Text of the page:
InAs/GaSb/AlSb Superlattice Detectors and Topological Superlattices
Dr. Philip Klipstein
Antimonide Based Compound
Semiconductor Research Program (ABCS),
Semiconductor Devices (SCD),
Location: QNC 1502
Abstract: As first predicted by Sai-Halasz, Tsu and Esaki in 1977, type II superlattices (T2SLs) based on alternating layers of InAs and GaSb exhibit rather unique properties, including a zero bandgap at a critical value of the layer thicknesses. In this respect, T2SLs bear a close relationship to the alloy, HgxCd1-xTe (“MCT”), where the bandgap vanishes at a critical value of the composition parameter, x. MCT photodiodes are widely used as tunable infrared detector elements, because they offer a versatile technology that can match the characteristic photon wavelength of most infrared applications. On the other hand, InAs/GaSb photodiodes have suffered, historically, from higher dark currents and fabrication issues that have severely limited their uptake in similar applications. This position has changed recently, due to the development of a new XBp barrier architecture and a new and robust passivation process. A 640 x 512 format, 15 μm pitch LWIR focal plane array detector was demonstrated in 2016 by SCD, with a quantum efficiency of >50%, a pixel operability of >99%, and a dark current only about one order of magnitude larger than the state of the art Rule 07 value.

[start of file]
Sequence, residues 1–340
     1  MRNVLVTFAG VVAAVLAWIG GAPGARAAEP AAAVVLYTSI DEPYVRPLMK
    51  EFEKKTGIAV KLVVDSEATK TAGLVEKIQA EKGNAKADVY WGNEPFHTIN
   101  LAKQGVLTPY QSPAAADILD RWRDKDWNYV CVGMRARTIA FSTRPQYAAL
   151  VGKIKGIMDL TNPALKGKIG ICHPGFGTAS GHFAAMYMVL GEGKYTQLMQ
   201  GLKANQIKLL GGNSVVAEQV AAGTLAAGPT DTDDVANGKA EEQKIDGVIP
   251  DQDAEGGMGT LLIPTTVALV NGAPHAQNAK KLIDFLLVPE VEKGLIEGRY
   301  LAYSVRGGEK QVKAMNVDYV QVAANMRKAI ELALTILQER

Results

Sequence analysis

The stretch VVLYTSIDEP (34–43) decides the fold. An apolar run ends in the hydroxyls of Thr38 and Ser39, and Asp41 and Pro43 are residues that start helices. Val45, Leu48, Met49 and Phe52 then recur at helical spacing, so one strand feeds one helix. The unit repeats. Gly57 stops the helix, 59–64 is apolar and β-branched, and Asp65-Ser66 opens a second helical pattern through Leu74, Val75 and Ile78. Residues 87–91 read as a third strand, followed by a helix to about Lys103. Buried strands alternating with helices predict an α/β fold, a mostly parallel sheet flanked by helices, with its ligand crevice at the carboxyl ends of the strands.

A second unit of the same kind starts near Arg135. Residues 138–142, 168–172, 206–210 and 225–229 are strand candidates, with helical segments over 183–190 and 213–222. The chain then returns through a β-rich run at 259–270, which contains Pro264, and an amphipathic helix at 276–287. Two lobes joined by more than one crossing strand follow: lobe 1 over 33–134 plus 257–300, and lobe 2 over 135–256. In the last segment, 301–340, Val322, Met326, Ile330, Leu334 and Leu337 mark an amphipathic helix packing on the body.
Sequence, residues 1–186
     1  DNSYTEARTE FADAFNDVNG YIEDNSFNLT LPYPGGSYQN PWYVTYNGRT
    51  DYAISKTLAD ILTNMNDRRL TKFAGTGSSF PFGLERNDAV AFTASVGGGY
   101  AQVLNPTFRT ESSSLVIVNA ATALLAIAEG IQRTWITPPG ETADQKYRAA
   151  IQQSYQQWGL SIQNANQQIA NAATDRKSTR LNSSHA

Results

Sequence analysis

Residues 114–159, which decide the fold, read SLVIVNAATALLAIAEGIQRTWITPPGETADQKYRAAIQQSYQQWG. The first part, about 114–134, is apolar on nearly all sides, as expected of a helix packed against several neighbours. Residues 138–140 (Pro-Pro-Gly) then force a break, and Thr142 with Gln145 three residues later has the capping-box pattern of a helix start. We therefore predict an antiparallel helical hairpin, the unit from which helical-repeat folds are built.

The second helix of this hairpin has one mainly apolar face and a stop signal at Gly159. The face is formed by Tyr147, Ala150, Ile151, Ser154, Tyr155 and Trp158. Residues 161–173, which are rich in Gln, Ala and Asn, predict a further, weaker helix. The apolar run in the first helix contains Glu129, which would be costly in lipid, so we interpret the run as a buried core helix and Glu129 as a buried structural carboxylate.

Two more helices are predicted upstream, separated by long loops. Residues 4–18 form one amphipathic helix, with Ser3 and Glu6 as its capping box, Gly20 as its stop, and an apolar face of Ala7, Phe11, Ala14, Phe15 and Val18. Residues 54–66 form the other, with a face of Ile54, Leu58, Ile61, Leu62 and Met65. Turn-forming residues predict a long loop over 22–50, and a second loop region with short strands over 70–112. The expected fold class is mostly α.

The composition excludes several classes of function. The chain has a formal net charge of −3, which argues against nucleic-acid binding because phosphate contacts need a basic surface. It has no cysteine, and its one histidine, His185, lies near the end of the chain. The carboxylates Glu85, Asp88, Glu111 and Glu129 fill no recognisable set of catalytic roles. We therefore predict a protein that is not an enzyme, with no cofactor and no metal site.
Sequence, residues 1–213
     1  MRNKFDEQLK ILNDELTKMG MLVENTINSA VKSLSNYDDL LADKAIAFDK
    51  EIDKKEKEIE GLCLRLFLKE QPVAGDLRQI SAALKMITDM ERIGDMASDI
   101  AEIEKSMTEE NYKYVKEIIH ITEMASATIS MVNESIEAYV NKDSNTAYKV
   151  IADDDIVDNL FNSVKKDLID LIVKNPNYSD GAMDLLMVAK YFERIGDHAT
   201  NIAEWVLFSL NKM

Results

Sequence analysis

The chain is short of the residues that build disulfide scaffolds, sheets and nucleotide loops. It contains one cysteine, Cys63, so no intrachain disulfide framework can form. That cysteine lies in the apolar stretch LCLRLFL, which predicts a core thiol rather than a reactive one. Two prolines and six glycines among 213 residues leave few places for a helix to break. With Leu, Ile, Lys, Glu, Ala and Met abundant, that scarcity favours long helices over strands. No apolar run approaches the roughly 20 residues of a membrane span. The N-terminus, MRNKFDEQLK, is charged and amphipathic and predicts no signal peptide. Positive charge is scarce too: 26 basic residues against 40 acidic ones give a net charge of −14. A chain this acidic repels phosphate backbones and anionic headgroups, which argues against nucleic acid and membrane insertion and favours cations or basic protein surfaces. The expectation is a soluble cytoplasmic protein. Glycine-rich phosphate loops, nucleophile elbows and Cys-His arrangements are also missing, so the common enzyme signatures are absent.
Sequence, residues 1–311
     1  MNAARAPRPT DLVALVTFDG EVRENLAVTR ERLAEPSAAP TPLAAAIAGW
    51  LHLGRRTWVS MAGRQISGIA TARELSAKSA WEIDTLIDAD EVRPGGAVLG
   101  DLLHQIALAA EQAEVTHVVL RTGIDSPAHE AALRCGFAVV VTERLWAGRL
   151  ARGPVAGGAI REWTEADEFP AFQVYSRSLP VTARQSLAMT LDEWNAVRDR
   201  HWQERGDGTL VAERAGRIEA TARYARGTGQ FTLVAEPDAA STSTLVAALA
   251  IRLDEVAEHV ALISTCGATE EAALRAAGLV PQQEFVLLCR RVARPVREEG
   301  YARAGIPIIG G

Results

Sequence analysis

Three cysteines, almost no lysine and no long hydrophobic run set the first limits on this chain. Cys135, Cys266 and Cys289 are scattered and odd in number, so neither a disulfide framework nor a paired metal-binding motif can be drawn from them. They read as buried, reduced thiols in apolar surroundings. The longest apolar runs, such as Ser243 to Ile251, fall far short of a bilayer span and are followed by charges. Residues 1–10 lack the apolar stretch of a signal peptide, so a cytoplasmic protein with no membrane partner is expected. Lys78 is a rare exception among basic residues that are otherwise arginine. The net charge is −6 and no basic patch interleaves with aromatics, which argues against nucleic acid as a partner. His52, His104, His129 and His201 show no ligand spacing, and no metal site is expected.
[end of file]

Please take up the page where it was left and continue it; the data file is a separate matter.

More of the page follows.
The SCD T2SL XBp detector contains both an InAs/GaSb active layer (AL) and an InAs/ AlSb barrier layer. The physical principles of the detector will be described, together with simulation methods that can predict the detector quantum efficiency and dark current from a basic definition of the superlattice period, the AL stack thickness and the minority carrier lifetime.
For layer thicknesses greater than the zero bandgap values, both InAs/GaSb/AlSb and HgTe/CdTe superlattices undergo a transition to a topological insulator phase (TI). Some basic properties of the topological phase will be discussed, including a graphene like dispersion at the TI transition and possible advantages of the TI phase for low temperature spintronic devices.
Bio: Between 1976 and 1982 Philip Klipstein received his B.A.and Ph.D. in Physics from Oxford and Cambridge Universities respectively. After two years as a Junior Research Fellow at Cambridge, he moved to a tenured post at Imperial College, London. Research included transport and optics in GaAs/AlAs and Si/Ge. In 1990, he returned to Oxford, adding research into antimonide heterostructures, and was promoted to Reader in 2000. Following a sabbatical at the Weizmann Institute, Israel, in 1998, he joined Semiconductor Devices (SCD) in 2001, where he is currently principal investigator of the Antimonide Based Compound Semiconductor research program (ABCS). He is author to more than 140 publications including 5 patents.